Every year we make the same resolutions: lose weight, quit smoking, learn to ride a bike; it’s all the same rubbish and we never stick to it. Take a little time before 2020 rears its ugly head to make some half-decent resolutions.

This New Year article originally appeared in PosAbility Magazine. To read more articles like this before anyone else, subscribe here. To find out when new issues are out, follow us on Twitter.

By Katie Campbell

“New Year, New Me” is a load of tosh. It’s something we tell ourselves in abject desperation, with the weight of a brand-new year bearing down on us as we clamber to make some kind of meaningful change in our lives, spurred on by having to flip a page on a calendar. What? Why? Who truly cares what day you decide to quit smoking or make that big decision to dig the weights you bought on sale at Sports Direct five years ago out of the garage in one last delirious attempt to finally become your town’s very own Arnie?

Change is obviously meaningful. Making better decisions is obviously good for you and has incredible and lasting benefits. But did you know that 8% of people actually achieve their resolutions? Well, now you do. Feeling obligated to make a change in your life will so rarely result in you actually doing something of value that will truly, gloriously change your life for the better.

Go ahead and make a resolution, though: who are we, the resolution police? We’re not going to come to your house and stop you from joining the gym or giving up cigarettes. We’re not your dad. If you want to make a resolution, we absolutely think that’s great, but remember: the more pressure you put yourself under, the less likely you are to join the godly ranks of those 8% of people who achieve their resolution.

We might not be your dad, but we do have some pretty good advice on how to make sure you set an achievable goal and actually stick to it.

KISS (Keep It Simple, Stupid!)

The key to a good resolution is to start small and work up. Joining a gym? Not small. Giving up caffeine? As someone who’s tried that more than once, that is the opposite of small. Learning Latin? Unless you’re some kind of incredible omniglot, you might pass that one over. You are the bearer of a noble cause, young resolution keeper, but you might want to dial it back from eleven, otherwise you’re going to find yourself getting very frustrated on 3 January when you realise how hard it is to grasp Latin word order.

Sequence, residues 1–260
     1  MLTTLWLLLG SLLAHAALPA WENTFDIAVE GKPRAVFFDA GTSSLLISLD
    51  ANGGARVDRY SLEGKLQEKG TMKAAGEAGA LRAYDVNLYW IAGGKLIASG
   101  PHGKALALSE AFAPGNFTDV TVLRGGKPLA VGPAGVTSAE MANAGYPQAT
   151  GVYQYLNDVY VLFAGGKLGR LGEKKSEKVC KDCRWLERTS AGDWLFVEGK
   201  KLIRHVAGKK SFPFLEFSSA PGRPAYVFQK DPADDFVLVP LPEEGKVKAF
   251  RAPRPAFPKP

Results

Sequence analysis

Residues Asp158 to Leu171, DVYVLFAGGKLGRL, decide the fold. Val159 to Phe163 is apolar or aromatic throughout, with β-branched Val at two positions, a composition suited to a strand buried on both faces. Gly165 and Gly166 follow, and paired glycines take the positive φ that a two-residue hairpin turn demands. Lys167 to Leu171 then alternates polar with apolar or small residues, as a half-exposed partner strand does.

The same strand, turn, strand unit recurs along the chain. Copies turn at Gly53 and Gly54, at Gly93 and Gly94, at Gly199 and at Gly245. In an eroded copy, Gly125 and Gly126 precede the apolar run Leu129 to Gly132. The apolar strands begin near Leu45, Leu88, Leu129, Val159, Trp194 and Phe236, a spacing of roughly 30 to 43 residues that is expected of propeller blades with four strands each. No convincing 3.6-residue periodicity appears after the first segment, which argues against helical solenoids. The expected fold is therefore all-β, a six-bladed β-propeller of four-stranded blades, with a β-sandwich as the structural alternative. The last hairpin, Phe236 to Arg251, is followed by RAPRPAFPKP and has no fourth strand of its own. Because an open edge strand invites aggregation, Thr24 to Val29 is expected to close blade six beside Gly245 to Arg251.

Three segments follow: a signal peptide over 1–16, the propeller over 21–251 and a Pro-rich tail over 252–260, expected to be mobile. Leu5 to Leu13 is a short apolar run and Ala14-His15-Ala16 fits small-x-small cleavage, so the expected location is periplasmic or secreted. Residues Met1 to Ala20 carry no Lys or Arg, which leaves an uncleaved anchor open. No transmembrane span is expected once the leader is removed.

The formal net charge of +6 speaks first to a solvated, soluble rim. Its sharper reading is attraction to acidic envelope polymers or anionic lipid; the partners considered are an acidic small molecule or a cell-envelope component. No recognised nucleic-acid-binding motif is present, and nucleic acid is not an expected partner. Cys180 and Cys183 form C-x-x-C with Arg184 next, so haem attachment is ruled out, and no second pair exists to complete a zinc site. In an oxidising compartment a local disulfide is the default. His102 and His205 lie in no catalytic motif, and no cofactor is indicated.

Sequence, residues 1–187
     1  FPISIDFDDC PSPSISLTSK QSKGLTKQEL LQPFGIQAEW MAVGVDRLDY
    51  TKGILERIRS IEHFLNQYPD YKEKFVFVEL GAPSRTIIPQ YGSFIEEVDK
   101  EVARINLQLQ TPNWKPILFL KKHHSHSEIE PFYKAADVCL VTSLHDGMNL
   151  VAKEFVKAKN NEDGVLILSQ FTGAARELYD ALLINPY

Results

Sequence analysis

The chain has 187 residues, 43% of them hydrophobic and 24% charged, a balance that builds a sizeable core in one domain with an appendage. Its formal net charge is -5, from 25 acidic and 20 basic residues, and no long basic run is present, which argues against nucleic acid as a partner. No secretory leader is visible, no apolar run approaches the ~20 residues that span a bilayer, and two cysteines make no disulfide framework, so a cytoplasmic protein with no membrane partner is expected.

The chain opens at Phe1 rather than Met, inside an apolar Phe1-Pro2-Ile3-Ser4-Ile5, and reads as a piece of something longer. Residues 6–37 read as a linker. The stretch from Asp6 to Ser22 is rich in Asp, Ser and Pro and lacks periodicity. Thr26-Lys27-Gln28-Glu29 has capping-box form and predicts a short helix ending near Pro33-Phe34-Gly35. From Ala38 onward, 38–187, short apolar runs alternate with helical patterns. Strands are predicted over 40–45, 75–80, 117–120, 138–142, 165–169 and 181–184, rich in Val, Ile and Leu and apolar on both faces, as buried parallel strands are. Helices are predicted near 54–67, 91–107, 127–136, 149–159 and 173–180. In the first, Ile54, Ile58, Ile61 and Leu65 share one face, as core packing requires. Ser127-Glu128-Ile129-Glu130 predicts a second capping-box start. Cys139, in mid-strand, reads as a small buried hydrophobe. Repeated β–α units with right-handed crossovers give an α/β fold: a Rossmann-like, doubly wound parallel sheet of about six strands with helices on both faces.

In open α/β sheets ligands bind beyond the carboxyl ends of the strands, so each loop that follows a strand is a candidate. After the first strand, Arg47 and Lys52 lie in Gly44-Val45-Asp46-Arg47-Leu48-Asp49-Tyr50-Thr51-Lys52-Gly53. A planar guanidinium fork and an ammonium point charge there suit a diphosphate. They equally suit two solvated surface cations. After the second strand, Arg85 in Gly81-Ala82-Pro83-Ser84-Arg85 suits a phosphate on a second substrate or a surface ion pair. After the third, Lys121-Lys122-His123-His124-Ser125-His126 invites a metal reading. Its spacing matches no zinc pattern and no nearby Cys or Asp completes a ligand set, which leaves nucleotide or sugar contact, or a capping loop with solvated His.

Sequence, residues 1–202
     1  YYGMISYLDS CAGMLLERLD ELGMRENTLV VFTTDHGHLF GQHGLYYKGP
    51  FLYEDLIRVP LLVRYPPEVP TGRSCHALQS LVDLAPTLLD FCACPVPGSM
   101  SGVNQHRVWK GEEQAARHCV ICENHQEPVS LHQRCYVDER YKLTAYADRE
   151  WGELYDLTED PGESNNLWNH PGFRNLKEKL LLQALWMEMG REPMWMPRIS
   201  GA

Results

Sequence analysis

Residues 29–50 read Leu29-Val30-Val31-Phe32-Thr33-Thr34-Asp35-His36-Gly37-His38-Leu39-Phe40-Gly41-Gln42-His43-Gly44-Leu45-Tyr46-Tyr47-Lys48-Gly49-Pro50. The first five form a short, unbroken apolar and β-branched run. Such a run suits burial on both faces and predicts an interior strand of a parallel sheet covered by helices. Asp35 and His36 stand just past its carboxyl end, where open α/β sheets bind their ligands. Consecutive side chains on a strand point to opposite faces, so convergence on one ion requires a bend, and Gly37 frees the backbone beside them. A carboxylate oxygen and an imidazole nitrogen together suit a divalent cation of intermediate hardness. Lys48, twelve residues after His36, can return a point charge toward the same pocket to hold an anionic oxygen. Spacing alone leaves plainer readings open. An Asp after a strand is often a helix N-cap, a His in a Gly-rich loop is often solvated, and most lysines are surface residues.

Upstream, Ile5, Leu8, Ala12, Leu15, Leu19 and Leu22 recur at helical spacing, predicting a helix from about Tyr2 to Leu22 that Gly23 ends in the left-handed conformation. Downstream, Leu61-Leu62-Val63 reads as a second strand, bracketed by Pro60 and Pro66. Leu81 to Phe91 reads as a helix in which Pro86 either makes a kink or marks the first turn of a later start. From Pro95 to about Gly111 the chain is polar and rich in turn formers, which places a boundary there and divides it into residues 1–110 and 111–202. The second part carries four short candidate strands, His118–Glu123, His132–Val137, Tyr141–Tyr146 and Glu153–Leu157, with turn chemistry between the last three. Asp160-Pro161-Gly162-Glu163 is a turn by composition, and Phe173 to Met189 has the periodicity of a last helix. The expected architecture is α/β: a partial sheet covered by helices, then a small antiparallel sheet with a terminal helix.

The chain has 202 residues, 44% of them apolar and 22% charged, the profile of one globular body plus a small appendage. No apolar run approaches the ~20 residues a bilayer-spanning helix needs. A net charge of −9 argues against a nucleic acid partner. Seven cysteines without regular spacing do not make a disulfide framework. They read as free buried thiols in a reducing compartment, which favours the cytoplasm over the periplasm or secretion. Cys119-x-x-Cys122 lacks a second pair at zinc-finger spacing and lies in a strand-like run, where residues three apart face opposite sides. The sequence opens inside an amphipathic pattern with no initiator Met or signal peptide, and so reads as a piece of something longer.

KISS aren’t just your dad’s favourite glam rockers, but it’s a great acronym to remember when you decide to make any change in your life: “keep it simple, stupid”. Not that we think you’re stupid, you’re not. That’s the acronym, not us. It’s a good concept to keep in your head when you’re making resolutions, though.

Want to learn a language? Download an app and do ten minutes every day. Want to get fit? Work up to joining a gym; start small and go for a jog twice a week. Maybe get the Couch to 5k app and work your way up from there. Want to give up caffeine? Very brave of you, but first, cut down. Going cold turkey is about as much fun as stabbing yourself in the iris with a broken coffee cup.

Don’t Beat Yourself Up

Think about this in terms of probability. 8% of people actually manage their resolution. Not to be the bearer of bad news, but you’re very likely not going to find yourself in that group; it’s very exclusive. What actually matters is that you try. Keep trying. You fail? Get up, get back on the horse, stop making excuses for yourself, and keep going. It’s not important that you get to the end, it’s important that you actually try.

You might not end up losing ten stone in three weeks and getting signed to Wilhelmina Models, but even if your goal is to lose weight, why not be happy with a few pounds? Even better, why not be happy with getting fi t and eating right, which are far more important? The most important part of making a resolution is making sure that you don’t give up on it. That’s where the “resolve” part of “resolution” comes into play.

Stop Comparing Yourself to Others

Ok, so your friend has managed to learn rocket science in a matter of days? Your auntie downloaded Duolingo last week and in a matter of hours she’s gone from speaking loudly at French people in English to get her point across, to reading À la recherche du temps perdu in the language Proust intended. In the immortal words of Miss Shania Twain, that don’t impress me much.

Who cares what everyone else can do? You’re not everyone else. Maybe you don’t have a predilection towards languages, but you know you can bake a mean Victoria sponge and you’ve always wanted to try making a baked Alaska that’ll make Paul Hollywood quake in his slacks. They’re not easy, you know. Ice cream in an oven is a recipe for disaster. You might not know your silicon from your silicone, but maybe you know your way around a Rangemaster. You have a unique set of skills and talents that your friends and family don’t. So what if you can’t learn a language or do rocket science, can your friend make a baked Alaska? I don’t think so.

Read more: 2019: A Year In Review

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